Ryan Deveraux of The Intercept describes what happened the day that he and another reporter were picked up and arrested by heavily armed police driving around in armored cars as they were covering the protests. It is a riveting account. If this can happen to two white journalists, one can imagine what might happen to young black men.
Here is one part of his account when, after leaving their car to chat with some people, they found their way back to their car blocked by a wall of tear gas and armored cars.
We decided our best bet was to walk north on Gage Dr. in hopes of getting beyond the wall of gas and finding a safe route to our car. We didn’t make it far. Between the gaps in the houses we could see the armored vehicles quickly moving up and down W. Florissant, parallel to us. Two turns and the police would find us off that main road and, potentially, shoot at us. We took cover behind a large tree in case the firing started again.
It was then that one of the armored vehicles entered the neighborhood once more, this time ahead of us, slowly moving in the direction we were walking. With their high-powered lights scanning the neighborhood, the only option we had was to announce ourselves as members of the press and hope they wouldn’t shoot. We stepped out of the shadows, our hands in the air, and began yelling, “Press!” and “Journalists!” and “We’re media!” over and over. An officer on top of the vehicle turned his light on us. After a pause, he beckoned us forward. We continued walking, our hands still in the air, still shouting that we were journalists.
With rifles trained on us, we turned right on Highmunt Dr., in the direction of W. Florissant and toward another police vehicle, which had more guns pointed at us. As we made our way forward, I heard a pop and felt a stinging in my lower back. I jumped up instinctively, and realized that the officers behind us, the ones who had asked us to move forward, had shot us with what I believe were rubber bullets. I was hit once and Hermsmeier was hit twice.
The shooting left a mean bruise, but all the guns trained on us provided an ample distraction from the sting. We were frightened. The police, who made no verbal commands that we had heard, had clearly demonstrated their willingness to shoot us. With several similarly armed and approaching officers directly in front of us, we dove behind a car, expecting more shooting. The police came upon us with their guns pointed directly at us. We continued repeating that we were journalists. They pulled us out from behind the car, walked us to their armored vehicles, and zip-tied our hands behind our backs.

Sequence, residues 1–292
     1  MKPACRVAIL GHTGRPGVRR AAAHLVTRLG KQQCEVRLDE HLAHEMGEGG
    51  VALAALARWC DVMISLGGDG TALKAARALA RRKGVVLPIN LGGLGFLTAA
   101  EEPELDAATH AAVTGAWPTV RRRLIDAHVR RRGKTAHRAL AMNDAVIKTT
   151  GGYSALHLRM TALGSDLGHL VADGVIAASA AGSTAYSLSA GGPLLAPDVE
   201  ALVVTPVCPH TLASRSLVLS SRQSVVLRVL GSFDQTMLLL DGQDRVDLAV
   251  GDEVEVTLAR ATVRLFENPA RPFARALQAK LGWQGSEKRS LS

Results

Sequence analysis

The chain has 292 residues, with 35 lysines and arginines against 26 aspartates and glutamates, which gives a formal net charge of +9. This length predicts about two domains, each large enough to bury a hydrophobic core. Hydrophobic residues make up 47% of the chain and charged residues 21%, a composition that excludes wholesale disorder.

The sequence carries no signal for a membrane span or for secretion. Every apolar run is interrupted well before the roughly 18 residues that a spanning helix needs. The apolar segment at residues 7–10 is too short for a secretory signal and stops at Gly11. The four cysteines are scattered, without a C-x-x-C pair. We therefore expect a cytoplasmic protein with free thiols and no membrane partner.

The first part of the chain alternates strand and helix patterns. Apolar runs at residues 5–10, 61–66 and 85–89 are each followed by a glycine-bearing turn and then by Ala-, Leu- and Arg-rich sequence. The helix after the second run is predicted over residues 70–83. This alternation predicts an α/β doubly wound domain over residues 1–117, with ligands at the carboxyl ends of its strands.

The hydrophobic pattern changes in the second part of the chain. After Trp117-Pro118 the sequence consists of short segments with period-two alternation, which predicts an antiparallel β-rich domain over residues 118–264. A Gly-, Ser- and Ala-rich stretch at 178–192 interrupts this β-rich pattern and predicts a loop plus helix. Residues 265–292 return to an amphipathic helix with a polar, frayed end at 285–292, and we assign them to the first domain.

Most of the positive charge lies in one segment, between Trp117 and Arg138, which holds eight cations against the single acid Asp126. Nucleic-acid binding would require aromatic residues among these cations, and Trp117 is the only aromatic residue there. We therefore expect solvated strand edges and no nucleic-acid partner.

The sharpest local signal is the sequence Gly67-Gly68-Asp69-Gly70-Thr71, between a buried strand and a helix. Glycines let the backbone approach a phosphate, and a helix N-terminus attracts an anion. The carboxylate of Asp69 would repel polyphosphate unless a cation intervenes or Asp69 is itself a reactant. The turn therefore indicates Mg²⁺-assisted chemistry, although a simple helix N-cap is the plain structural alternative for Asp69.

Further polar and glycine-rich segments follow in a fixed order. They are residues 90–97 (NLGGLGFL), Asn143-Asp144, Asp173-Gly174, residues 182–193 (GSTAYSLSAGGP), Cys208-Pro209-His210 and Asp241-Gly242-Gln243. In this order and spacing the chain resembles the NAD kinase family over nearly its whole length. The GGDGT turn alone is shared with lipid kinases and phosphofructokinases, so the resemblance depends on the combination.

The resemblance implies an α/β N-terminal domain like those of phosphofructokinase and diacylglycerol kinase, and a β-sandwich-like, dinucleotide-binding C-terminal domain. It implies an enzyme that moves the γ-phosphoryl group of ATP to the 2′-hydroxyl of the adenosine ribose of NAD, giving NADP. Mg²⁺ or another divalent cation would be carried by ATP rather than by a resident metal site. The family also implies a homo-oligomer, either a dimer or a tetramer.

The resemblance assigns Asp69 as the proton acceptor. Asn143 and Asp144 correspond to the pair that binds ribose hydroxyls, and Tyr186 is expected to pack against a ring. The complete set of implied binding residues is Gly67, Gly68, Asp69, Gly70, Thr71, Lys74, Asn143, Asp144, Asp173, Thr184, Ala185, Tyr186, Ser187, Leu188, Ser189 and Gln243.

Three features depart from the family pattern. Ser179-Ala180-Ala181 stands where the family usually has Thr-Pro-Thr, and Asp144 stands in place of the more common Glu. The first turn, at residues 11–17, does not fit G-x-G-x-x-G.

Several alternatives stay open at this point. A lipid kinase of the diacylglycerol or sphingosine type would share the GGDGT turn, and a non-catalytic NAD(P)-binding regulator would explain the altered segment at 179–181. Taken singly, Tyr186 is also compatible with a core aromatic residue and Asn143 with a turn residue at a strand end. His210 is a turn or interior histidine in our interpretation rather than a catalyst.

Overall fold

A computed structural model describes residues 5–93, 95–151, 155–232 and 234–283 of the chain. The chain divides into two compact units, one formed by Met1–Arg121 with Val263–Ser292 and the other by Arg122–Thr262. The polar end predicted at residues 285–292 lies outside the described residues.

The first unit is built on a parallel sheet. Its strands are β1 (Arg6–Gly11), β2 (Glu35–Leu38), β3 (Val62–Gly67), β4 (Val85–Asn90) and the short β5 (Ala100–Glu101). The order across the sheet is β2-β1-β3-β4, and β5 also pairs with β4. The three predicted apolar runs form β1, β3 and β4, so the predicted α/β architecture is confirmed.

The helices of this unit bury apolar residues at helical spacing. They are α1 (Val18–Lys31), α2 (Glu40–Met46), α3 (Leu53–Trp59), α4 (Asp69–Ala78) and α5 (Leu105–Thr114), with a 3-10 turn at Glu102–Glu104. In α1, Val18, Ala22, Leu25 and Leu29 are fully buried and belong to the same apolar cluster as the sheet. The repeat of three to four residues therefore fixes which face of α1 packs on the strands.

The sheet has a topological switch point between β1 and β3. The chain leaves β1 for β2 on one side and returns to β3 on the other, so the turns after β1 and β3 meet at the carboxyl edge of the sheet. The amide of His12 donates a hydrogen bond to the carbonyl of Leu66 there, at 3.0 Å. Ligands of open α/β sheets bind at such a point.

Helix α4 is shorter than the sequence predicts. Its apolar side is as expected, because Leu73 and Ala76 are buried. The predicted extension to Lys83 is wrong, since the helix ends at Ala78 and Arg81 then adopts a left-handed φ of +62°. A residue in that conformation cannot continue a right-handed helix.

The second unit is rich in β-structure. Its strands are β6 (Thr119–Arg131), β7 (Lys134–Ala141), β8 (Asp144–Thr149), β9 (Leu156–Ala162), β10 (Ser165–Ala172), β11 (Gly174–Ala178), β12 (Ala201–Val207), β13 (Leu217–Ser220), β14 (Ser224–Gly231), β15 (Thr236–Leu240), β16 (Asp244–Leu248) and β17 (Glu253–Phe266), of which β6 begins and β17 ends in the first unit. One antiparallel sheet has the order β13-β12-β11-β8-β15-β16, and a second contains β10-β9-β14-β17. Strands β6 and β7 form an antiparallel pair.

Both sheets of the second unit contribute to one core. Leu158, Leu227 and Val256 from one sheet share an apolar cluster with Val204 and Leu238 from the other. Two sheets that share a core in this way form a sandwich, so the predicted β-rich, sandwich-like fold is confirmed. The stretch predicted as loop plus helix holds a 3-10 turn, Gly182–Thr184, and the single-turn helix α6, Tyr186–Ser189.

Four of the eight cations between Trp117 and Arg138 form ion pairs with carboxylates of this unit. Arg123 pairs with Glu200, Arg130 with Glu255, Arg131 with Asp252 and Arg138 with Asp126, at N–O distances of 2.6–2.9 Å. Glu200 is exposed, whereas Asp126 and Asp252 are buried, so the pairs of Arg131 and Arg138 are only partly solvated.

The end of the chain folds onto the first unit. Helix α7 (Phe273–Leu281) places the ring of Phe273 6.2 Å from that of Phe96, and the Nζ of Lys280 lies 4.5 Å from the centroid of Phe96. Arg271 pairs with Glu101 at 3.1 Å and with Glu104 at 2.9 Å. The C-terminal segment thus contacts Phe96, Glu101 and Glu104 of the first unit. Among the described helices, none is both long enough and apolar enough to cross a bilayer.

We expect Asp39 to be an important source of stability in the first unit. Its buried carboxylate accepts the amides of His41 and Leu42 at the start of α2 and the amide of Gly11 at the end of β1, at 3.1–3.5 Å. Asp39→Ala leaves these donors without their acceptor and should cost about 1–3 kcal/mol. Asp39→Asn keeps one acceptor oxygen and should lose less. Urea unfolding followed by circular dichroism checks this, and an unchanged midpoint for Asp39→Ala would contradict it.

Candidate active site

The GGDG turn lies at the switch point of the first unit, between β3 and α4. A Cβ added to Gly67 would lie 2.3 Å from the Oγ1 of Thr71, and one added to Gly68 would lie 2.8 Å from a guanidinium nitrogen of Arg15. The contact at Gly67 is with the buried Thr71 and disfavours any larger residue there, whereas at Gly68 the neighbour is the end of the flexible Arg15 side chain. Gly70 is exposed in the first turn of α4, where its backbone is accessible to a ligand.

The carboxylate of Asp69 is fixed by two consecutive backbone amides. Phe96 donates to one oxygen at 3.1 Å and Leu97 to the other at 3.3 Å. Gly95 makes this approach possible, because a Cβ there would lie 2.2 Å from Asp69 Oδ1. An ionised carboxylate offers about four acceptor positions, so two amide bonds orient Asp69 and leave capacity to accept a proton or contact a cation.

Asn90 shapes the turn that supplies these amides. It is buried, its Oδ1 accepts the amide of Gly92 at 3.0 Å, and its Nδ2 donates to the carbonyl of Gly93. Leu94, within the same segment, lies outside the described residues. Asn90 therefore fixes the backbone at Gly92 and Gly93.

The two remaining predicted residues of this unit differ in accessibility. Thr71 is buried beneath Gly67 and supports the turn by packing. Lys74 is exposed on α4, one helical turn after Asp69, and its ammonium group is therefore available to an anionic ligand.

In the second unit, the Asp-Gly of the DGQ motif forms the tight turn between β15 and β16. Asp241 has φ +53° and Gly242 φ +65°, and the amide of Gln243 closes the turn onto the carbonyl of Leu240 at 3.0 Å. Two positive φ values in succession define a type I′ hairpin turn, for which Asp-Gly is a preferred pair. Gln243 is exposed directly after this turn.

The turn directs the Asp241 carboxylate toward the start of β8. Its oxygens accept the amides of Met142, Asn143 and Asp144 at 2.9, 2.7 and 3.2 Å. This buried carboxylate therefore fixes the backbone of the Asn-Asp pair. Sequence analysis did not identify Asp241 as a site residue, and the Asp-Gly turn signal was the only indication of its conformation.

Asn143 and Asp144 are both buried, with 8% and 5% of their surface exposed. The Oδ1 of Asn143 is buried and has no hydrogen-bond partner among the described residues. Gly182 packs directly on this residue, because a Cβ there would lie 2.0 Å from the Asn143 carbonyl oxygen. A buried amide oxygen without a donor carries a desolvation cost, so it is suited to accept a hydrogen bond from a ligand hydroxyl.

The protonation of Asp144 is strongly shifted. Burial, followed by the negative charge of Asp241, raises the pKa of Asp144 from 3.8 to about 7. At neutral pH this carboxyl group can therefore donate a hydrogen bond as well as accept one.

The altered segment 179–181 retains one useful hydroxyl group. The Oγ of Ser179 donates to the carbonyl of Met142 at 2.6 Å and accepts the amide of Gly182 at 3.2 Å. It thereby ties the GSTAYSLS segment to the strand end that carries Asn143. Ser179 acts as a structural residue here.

What is it with this practice of routinely pointing guns at people? The level of weaponry being used in Ferguson on a civilian population is incredible. Take a look at this photograph. What is that policeman carrying? It looks like (but is unlikely to be) a flame thrower and is probably a tear gas gun, given that he is wearing a gas mask and is aiming upwards.
It is clear that the goal is that people should fear the police and unquestioningly do what they say, as this op-ed by a former policemen revealingly acknowledges.
Even though it might sound harsh and impolitic, here is the bottom line: if you don’t want to get shot, tased, pepper-sprayed, struck with a baton or thrown to the ground, just do what I tell you. Don’t argue with me, don’t call me names, don’t tell me that I can’t stop you, don’t say I’m a racist pig, don’t threaten that you’ll sue me and take away my badge. Don’t scream at me that you pay my salary, and don’t even think of aggressively walking towards me. Most field stops are complete in minutes. How difficult is it to cooperate for that long?
What kind of advice is this? It is the advice given by those supportive of an authoritarian state that brooks no form of opposition and independence. It is not surprising that he has been a member for 17 years of the Los Angeles Police Department, that has an atrocious record of racist and violent actions. When he says ‘cooperate’ he means ‘be submissive’. Nothing on his list of actions to avoid, other than possibly ‘walking aggressively’ towards him (whatever that might mean), should be grounds for shooting someone, because they are just words. Even walking aggressively should not be grounds for shooting because surely police should be able to handle aggressive but unarmed people without killing them?